In a small cemetery of a parish churchyard in Olney, England, stands a granite tombstone with this inscription: “John Newton, clerk [pastor], once an infidel and Libertine, a servant of slavers in Africa, was, by the rich mercy of our Lord and Savior Jesus Christ, preserved, restored, pardoned, and appointed to preach the Faith he had long labored to destroy.”
You may not remember his name, but all of us know the song he wrote as a testimony of his life: “Amazing Grace.”
(Robert Renberg Jr, Grace Bible Church, Michigan)
More About John Newton
John Newton (1725-1807) was a former English navy midshipman who deserted and eventually became a servant to a slave-trader. Rescued from servanthood, he was converted to Christianity in 1748 at the age of 23. For the next six years, Newton commanded a slave ship. An avid reader, he educated himself by reading the Bible and other classic literature. Due to ill health, he abandoned the sea and took a job in Liverpool for nine years, during which time he interacted with George Whitefield and John Wesley. He was ordained to the curacy of Olney in 1764.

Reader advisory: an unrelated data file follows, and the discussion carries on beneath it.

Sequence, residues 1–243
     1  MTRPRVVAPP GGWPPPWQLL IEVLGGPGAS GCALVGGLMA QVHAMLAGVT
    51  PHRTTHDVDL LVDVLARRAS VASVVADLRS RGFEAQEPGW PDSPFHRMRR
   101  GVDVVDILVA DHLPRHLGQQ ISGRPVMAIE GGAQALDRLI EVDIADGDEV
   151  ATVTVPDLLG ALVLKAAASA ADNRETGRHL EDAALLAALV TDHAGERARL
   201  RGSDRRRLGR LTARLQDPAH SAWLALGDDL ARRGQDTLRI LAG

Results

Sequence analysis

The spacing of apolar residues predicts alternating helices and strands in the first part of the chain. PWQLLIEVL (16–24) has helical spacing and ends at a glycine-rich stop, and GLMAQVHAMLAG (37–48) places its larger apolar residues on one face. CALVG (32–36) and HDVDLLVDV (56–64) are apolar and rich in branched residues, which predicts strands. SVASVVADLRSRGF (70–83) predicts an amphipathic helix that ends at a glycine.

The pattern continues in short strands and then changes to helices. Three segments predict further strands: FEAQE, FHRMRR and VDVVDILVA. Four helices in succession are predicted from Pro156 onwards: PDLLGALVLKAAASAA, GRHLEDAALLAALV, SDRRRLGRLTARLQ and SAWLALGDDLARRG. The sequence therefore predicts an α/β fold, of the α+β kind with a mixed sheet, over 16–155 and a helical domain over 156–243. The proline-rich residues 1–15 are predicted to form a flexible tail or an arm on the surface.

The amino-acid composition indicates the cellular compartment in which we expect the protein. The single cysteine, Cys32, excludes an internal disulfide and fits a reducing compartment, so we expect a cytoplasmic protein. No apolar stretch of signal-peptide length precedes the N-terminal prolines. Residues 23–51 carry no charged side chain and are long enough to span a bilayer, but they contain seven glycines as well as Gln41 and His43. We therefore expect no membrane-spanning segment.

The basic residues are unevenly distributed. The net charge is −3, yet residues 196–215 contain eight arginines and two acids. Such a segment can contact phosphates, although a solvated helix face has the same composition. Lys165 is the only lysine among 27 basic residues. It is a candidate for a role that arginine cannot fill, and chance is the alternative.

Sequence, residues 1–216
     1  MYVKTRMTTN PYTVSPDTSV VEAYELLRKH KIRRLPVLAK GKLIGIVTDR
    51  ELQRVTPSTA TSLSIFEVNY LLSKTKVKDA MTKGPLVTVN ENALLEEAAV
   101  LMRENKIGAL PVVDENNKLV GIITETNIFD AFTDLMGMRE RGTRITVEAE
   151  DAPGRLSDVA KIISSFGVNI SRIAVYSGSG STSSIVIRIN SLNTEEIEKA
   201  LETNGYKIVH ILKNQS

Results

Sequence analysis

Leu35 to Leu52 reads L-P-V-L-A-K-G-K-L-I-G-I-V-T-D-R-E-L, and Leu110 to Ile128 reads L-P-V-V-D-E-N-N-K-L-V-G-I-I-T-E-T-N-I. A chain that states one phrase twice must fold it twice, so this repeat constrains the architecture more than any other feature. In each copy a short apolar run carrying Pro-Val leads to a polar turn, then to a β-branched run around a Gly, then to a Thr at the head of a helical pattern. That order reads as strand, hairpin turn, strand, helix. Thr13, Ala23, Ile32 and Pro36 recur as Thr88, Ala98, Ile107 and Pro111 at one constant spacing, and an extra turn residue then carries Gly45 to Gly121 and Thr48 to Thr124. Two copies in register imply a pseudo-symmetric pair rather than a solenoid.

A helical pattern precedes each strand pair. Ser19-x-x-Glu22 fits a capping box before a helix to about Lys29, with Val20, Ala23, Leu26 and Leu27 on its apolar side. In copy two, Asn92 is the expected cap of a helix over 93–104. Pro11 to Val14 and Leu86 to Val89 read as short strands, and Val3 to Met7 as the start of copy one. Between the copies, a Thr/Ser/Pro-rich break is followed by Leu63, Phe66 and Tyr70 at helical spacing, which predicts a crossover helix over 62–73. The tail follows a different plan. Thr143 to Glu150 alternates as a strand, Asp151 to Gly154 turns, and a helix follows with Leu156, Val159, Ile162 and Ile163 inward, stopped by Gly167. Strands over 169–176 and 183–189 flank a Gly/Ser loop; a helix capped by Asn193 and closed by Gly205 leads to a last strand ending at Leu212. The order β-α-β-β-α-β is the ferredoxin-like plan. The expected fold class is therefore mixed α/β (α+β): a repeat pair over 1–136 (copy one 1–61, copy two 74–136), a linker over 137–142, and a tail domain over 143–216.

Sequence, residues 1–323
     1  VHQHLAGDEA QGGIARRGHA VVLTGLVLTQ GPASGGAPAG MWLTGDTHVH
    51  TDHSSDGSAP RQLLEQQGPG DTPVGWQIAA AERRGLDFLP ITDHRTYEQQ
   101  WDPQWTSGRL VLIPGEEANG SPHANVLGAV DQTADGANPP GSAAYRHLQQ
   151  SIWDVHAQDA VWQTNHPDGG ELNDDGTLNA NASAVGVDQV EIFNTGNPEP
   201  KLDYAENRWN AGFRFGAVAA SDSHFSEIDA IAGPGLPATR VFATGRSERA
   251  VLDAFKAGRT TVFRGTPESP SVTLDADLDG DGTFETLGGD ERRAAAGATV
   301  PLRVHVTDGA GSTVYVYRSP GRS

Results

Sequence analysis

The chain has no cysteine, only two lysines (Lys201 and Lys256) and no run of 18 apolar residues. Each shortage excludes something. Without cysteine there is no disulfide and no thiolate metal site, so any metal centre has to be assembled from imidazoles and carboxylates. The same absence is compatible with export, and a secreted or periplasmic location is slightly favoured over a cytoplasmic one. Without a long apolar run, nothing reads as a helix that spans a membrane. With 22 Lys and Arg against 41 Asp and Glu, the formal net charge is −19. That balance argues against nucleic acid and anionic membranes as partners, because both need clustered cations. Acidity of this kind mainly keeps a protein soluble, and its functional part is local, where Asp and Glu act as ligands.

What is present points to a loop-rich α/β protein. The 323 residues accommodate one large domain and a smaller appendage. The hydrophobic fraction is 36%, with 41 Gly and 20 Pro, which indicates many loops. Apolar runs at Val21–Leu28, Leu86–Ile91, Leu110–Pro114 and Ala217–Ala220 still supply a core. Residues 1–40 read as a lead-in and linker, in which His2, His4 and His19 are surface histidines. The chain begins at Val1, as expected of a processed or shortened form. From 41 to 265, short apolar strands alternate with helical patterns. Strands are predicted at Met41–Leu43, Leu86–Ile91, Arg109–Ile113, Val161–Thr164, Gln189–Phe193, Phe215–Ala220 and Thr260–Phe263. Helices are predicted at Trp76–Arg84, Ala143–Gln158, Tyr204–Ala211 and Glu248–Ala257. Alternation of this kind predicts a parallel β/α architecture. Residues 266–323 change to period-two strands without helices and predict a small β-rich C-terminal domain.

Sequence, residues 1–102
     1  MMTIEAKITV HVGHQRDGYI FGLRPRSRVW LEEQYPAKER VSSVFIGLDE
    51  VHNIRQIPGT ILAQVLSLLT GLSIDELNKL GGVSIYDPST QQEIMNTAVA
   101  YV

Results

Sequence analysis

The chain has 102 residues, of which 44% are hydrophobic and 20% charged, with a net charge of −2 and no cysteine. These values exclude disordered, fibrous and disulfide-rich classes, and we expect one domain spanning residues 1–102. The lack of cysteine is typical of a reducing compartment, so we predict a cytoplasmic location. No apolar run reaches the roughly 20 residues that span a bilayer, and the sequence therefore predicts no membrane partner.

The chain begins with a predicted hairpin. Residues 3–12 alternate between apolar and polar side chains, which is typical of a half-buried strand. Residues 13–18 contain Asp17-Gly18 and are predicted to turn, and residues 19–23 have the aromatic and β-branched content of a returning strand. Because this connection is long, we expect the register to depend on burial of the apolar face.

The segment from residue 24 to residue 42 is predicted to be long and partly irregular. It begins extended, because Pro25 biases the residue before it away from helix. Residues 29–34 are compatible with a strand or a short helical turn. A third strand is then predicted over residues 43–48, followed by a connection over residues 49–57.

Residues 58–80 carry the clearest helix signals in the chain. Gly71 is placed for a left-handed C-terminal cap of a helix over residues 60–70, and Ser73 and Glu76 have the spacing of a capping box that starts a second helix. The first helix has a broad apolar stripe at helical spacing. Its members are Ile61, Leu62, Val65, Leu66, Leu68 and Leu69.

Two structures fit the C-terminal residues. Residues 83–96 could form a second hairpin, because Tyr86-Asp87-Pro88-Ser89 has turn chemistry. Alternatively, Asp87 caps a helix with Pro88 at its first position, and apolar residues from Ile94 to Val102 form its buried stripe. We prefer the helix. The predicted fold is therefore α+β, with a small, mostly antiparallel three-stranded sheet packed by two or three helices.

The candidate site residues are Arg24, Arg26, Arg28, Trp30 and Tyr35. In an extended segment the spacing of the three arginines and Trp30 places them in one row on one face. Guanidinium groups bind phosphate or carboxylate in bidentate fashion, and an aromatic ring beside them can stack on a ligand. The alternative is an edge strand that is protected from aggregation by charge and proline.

While pastoring in Olney, Newton published hymns, of which his most well-known would become the timeless classic, Amazing Grace.
During this time he came to deeply regret his his former involvement in the slave trade, and joined forces with William Wilberforce in the campaign for abolition, writing an abolitionist tract in 1787. Although originally buried in London, work on the subway system threatened his grave, which was subsequently moved to St. Peter & St. Paul Parish in Olney. The 2006 movie Amazing Grace portrays the story of Wilberforce and Newton in their opposition to slavery.